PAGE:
The Omicron variant is here, and we must once again confront the potential for a crushing winter surge of COVID-19 infections. Why is this happening, and why are we at risk? Today, we blend the personal and the societal to better understand the struggles of living through a still active pandemic.
Oh my Omicron. This again?
For the last 21 months, we’ve been tracking the state of COVID-19 in our state and country. Since March 2020, we’ve been tracking our infections and community spread. Since December 2020, we’ve been tracking the administration of COVID-19 vaccine shots. Since June 2021, we’ve been tracking the spread of the Delta variant near and far. And since June 2021, I’ve been chronicling the cautious resumption of my travel plans.
Shortly after I landed in Orange County, California, for Thanksgiving and my father’s birthday, I saw the news that I’ve been dreading for some time: Omicron has arrived. While here, I noticed even more dreadful news: Cases were detected in San Francisco and Minneapolis. The San Francisco patient had just returned from South Africa, but the Minneapolis patient had only traveled to and from New York. Soon enough New York state announced five confirmed Omicron cases there, a second California omicron case emerged in Los Angeles, and Colorado and Hawaii announced Omicron cases there as well.
By Friday night, another five Northern California Omicron cases emerged in patients who flew to Wisconsin last month after just one of them also traveled abroad. Meanwhile in New York, additional Omicron cases emerged that appeared to confirm scientists’ initial consensus that Omicron had already begun to spread here in America before President Joe Biden restricted travel to and from eight African countries where he and other politicians mistakenly believed Omicron first developed. As of yesterday, the Omicron variant has been detected in at least 17 states.
Some potentially good news is that the first two California Omicron patients and the Minnesota patient were all fully vaccinated, the Minnesota Omicron patient also recently got his COVID-19 vaccine booster shot, and all have thus far only been experiencing mild infections. If this pattern holds with newer and upcoming Omicron breakthrough infections, we’ll have some reassurance that our current COVID-19 vaccines continue to hold up well – even against Omicron. However, it’s still early. And since statistics on hospitalizations and deaths tend to be lagging indicators, we’ll probably need at least a couple more weeks to better understand how the Omicron variant works and whether or not it ends up fueling an even worse COVID-19 resurgence than the most recent Delta Surge.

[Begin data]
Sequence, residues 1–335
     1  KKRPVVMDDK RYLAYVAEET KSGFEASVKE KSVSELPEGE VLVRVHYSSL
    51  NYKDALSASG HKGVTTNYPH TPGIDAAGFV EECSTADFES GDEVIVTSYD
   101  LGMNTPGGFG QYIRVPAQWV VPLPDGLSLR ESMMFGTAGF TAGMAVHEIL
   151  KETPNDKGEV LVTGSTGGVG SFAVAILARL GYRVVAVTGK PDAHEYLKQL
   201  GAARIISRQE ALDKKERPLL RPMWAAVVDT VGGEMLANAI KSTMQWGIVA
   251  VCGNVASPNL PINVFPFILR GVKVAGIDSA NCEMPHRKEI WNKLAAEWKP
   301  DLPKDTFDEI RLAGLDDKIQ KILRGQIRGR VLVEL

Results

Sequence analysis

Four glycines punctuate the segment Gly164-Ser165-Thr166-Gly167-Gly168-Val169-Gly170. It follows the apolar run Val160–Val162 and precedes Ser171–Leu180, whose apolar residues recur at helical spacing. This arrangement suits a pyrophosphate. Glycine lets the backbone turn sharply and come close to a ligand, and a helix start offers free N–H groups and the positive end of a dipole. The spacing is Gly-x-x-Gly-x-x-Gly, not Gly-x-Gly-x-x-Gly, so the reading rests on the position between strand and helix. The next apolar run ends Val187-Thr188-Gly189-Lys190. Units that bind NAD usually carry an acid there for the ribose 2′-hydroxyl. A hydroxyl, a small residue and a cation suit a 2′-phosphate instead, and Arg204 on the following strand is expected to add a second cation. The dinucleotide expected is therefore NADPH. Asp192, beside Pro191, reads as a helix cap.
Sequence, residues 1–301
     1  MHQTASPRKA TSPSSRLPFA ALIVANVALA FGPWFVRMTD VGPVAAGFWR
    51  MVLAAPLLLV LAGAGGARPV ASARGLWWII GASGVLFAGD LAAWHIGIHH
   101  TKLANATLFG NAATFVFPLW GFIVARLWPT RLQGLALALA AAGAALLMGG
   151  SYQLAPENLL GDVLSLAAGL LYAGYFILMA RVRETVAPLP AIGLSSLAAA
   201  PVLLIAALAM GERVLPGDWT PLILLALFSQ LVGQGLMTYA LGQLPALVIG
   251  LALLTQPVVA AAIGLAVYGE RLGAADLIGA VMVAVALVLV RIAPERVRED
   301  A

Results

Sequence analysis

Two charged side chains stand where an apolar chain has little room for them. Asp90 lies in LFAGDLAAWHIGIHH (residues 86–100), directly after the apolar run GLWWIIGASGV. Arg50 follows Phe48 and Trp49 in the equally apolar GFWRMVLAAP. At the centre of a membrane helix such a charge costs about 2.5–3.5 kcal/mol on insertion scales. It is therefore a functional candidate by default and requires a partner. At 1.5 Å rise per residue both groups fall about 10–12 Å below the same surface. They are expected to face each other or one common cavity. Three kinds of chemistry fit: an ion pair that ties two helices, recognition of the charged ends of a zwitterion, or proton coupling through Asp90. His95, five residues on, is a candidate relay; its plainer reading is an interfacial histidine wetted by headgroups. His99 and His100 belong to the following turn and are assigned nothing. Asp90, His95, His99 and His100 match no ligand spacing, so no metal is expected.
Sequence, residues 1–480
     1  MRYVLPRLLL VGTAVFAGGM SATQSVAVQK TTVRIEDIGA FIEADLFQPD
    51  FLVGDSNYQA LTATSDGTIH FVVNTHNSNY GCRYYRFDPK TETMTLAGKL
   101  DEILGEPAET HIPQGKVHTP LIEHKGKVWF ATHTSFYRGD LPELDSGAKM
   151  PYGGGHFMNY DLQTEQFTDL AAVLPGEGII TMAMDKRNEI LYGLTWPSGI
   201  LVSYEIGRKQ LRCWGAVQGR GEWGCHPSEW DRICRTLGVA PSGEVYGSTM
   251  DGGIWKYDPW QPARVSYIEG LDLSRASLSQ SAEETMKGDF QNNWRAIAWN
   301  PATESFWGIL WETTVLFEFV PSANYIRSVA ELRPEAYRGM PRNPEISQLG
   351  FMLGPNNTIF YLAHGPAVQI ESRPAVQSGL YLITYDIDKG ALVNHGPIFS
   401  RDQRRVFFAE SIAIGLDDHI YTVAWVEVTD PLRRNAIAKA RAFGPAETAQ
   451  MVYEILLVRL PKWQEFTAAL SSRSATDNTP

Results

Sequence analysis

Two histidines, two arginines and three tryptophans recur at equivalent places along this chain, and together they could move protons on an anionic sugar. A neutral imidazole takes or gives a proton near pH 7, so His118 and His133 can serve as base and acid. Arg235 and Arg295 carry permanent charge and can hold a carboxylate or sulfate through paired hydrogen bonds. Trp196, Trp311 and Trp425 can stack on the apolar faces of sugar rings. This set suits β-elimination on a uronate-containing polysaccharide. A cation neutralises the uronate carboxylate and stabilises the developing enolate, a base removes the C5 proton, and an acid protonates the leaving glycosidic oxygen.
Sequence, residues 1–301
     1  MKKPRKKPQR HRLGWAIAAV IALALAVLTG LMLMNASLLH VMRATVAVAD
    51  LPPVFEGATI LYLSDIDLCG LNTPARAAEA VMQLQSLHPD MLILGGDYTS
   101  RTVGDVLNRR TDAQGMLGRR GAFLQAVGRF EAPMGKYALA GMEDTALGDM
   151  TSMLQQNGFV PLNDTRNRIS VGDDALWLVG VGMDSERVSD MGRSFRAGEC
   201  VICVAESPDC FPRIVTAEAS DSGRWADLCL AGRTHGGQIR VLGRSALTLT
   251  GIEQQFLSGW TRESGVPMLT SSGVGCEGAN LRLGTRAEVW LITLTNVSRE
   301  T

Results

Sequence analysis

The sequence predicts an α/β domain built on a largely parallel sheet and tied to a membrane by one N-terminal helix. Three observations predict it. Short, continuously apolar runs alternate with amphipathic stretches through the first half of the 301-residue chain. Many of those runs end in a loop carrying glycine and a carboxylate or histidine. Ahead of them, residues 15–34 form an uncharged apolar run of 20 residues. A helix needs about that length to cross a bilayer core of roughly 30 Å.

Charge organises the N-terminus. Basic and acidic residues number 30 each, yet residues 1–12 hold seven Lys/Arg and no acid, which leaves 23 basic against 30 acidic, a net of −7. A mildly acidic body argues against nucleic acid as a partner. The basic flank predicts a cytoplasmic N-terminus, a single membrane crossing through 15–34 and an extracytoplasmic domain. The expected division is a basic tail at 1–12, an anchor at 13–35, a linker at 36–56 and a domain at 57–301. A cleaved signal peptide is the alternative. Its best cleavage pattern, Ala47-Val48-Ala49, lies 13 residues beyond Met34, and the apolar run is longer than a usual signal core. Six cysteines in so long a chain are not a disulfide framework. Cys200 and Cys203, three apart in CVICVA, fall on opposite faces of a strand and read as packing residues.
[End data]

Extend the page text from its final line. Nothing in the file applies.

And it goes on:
Return to California
Three and a half months ago, I was worried about the ongoing Delta Surge. And while visiting family in California in August, my father got the news that his older (and immunocompromised) brother died of COVID-19 after flying to South Carolina to visit his stridently anti-vaccine and anti-mask daughter.
When I first flew back to Orange County the day before Thanksgiving, our COVID-19 situation finally seemed to calm down again. Less than 24 hours later, news began to break on a new variant. By the time I began to roam around, Omicron was officially on the books. Immediately, I felt a toxic mix of sorrow, anger, regret, and exasperation. (Editor’s Note: Stay tuned this week for a special COVID-19 Update with more information on Omicron.)
Regardless of all these emotions, I was still there. I had to just make the best of it. Besides, I already got my COVID-19 vaccine booster shot in October, and I had plenty of masks packed in my bags. Also: My father still needed his own vaccine booster shot. I knew I had a limited window of time to ensure he got his booster, so we just had to get it done.
Booster Time for My Father
Since my father is also immunocompromised, and since he was also approaching six months since his second shot, I knew this was the time for him to get boosted. As the news continued to flood in on Omicron, it increasingly felt like a race against time.
To further complicate matters, my dad had just changed his health insurance and HMO. Come on: After everything he endured since his November 2019 heart attack – including another fight over another hospital trip that his doctor specifically ordered this past April – can you blame him? Nonetheless, we ran into a new set of issues with the new pharmacy that his new HMO directed him to. And nonetheless, we persisted.
Finally last weekend, we shuffled back to the nearest branch of his designated pharmacy. Thankfully the pharmacy wasn’t too busy, so they managed to check him in and process him relatively quickly. Honestly the paperwork took longer than the actual vaccination, and he didn’t have as much paperwork to complete as I did in October! But hey, at least we finally did it. My dad got his booster time, and hopefully it’s just in time for Omicron’s probably inevitable arrival in Orange County.
Omicron serves as another terrible example of why it pays to be proactive on public health.